Cotton is consistently crapped on in the outdoor community for backpacking clothing and other outdoor activities. “Cotton kills” is a common saying among outdoor enthusiasts and anyone in the backcountry in jeans might as well have noob written on their forehead. But recently I’ve seen the death throes of cotton advocates citing that it is a perfectly acceptable and suggested fabric for desert environments. I am open to more arguments but after reading some of the articles justifying the reasoning, I have to say I’m very skeptical of this opinion. In this post, I want to explain why cotton gets such a bad rap, provide some explanation for why synthetic fabrics are preferable in any environment, and explain why cotton sucks even in the desert. Continue reading Desert or tundra, cotton still sucks for backpacking clothing
I’m usually a pretty serious advocate of buying brand name gear when your life depends on it. Recently, however, I’ve needed things that are so specific for what I am doing that they simply aren’t marketable. Last year, I made gear to allow me to safely paddle a kayak from Key West to The Tortugas which required a sail, cockpit cover, sea anchor, and outriggers among other things (click the links to see the designs). But recently, I’ve set my eye on a backpacking trip necessitating the lightest gear and have been seriously disappointed with the options currently on the market. I was very impressed with the light weight and affordability of my 7 ounce silnylon Integral Designs Siltarp 1 that I purchased last year. But I figured using a similar rectangle design with Cuben fiber instead of silnylon could drop that weight even further. I did some calculations and figured I could make a Cuben fiber tarp using ZPacks materials that weighed just 2 ounces. Continue reading DIY: Two ounce cuben fiber tarp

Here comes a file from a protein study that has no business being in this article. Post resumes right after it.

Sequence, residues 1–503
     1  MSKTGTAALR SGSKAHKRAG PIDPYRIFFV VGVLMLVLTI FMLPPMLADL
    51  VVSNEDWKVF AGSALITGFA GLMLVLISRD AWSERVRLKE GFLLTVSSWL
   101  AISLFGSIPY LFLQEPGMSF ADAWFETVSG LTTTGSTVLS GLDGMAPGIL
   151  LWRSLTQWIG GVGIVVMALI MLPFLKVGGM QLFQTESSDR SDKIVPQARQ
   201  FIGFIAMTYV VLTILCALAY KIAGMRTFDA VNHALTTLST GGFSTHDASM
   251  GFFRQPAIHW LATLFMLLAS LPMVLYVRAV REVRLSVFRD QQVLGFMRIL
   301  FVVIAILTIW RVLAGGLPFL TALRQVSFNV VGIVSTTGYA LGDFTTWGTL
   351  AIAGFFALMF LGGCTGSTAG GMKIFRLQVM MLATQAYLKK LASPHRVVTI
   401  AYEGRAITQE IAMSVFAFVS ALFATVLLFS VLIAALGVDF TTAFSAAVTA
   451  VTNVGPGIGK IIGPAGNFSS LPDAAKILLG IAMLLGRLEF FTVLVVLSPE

The simplicity of backpacking has always intrigued me. To carry everything you need to survive on your back is an enlightening and beautiful experience. Truly nothing gets me more excited than to be fully self supported. But when I, with a bulky pack on, look at an animal foraging in the backcountry, I am envious. They carry nothing; they do not know where or when their next meal or drink will come from and yet they are entirely self-sufficient. And when I see men clambering into the woods with pots and jackets and bottles hanging from their fifty plus pound packs, I want to cry. Continue reading Lightweight backpacking
I just got back from another 100 mile adventure through the woods. When my professors cancelled my Monday classes, that opened up the door for me to turn what could have been a simple walk into an epic trek through southwest Virginia.
On Friday, my friends were going backpacking in Grayson highlands near the Tennessee-Virginia state line. I rode down with them but instead of travelling south with them into the familiar, beautiful Grayson Highlands, I decided to head north to cover some new Appalachian Trail territory. On Friday morning at 11 AM I turned north and with a simple “See ya broskies,” I was off walking. I had abandoned my rain gear, my tent, and all extra clothing. I exchanged waterproof, thick boots for running shoes. The physical goal was simple: go as far as possible in 72 hours.